The Transportation Security Administration was just sued for refusing to hand over information on its controversial behavioral screening program that auditors say might not actually work, despite costing billions of dollars.
The complaint—brought by the American Civil Liberties Union—alleges that the TSA failed to respond to a Freedom of Information Act request asking for details on the Screening Passengers by Observation Techniques program or SPOT.
The program, which started in 2007, was intended to ferret out potentially dangerous passengers based on how they’re behaving. TSA trains agents to spot suspiciously acting people then send them for additional screenings, pat-downs and questioning. However, since the TSA has provided very little information on the program, there’s little evidence to prove that it actually works.
"The TSA has insisted on keeping documents about SPOT secret, but the agency can't hide the fact that there's no evidence the program works," ACLU staff attorney Hugh Handeyside said in a statement.
A Government Accountability Office report from last year concluded that there was no way to know how effective the program is, despite costing more than $1 billion since its creation.
"Consequently, after 10 years of implementing and testing the SPOT program, TSA cannot demonstrate that the agency's behavior detection activities can reliably and effectively identify high-risk passengers who may pose a threat to the U.S. aviation system," the GAO report said.
Additionally, critics have routinely accused the program of using racial profiling, and in some cases, TSA whistleblowers have confirmed their suspicions.
In 2013, 32 TSA officers at Boston’s Logan Airport revealed that their colleagues were intentionally targeting Hispanics, blacks and people of Middle Eastern origin.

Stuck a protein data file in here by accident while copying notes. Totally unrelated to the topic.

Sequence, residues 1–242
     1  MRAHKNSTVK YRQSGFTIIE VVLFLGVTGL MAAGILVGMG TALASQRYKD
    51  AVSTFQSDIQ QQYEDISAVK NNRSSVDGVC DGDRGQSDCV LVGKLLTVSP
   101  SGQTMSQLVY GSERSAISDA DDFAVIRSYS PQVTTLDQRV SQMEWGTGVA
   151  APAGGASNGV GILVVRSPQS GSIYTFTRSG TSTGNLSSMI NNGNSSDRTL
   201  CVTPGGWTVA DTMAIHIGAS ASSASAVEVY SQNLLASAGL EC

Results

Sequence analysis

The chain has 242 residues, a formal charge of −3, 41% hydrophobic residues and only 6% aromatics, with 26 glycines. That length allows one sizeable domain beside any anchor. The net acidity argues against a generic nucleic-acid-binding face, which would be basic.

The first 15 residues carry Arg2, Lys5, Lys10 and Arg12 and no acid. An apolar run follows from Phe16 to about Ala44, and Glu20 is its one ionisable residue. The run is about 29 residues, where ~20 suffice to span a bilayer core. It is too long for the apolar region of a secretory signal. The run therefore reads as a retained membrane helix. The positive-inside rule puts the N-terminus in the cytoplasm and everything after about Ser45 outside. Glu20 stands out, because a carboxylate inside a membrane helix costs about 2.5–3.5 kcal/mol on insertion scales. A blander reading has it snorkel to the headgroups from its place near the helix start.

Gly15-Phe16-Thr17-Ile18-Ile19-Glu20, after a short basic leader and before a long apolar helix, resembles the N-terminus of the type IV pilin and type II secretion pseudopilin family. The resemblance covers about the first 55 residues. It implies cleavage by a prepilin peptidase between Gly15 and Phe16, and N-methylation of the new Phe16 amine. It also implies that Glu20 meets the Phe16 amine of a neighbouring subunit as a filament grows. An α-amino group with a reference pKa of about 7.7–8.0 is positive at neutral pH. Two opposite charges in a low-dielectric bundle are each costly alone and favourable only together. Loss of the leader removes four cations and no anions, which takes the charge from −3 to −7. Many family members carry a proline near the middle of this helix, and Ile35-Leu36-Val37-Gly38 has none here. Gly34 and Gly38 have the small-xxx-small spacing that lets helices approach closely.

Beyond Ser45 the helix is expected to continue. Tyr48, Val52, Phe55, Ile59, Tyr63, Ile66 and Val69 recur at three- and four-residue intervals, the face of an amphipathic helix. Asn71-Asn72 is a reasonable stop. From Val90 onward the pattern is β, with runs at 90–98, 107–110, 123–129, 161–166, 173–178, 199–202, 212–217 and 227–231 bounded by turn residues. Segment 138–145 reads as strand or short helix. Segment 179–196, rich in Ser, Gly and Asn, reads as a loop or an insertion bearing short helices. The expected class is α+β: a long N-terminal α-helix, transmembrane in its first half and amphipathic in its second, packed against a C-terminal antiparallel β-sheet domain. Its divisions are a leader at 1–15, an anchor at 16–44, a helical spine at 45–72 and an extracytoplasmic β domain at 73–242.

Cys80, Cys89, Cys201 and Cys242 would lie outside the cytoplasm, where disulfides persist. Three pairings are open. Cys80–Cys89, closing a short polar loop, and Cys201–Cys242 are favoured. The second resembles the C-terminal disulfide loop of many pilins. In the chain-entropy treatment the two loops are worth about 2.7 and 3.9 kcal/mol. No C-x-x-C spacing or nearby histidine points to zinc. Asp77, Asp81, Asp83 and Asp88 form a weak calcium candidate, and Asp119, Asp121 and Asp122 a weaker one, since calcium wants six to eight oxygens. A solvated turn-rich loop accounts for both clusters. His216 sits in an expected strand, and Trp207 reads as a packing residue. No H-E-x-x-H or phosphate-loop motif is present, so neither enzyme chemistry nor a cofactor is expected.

In another case, behavior detection officers at Newark Liberty International Airport reportedly targeted Mexican and Dominican passengers –and even nicknamed themselves "the Great Mexican Hunters."
The TSA, for its part, says officers are only told to observe behaviors… and that it has taken steps to make sure there are no instances of racial profiling.
Still, the agency hasn’t specified exactly what officers are told to watch for, but it maintains that people are not flagged based on appearance, race, ethnicity or religion.
According to the complaint, the ACLU said, "the public lacks information about the basis for the programs, the training and professionalism of those who implement them, their efficacy, and the extent to which they disproportionately impact minorities. Such information is of significant and urgent value to millions of Americans who travel by air each year. Without disclosure of the records sought, members of the public will not be able to assess for themselves whether the programs are necessary, effective, or subject to sufficient limits and oversight."
The TSA has not publicly commented on the lawsuit; instead, it claims that it is still processing the FOIA request.
The lawsuit comes at a time when the Obama administration is increasingly under fire for failing to respond to comply with FOIA.
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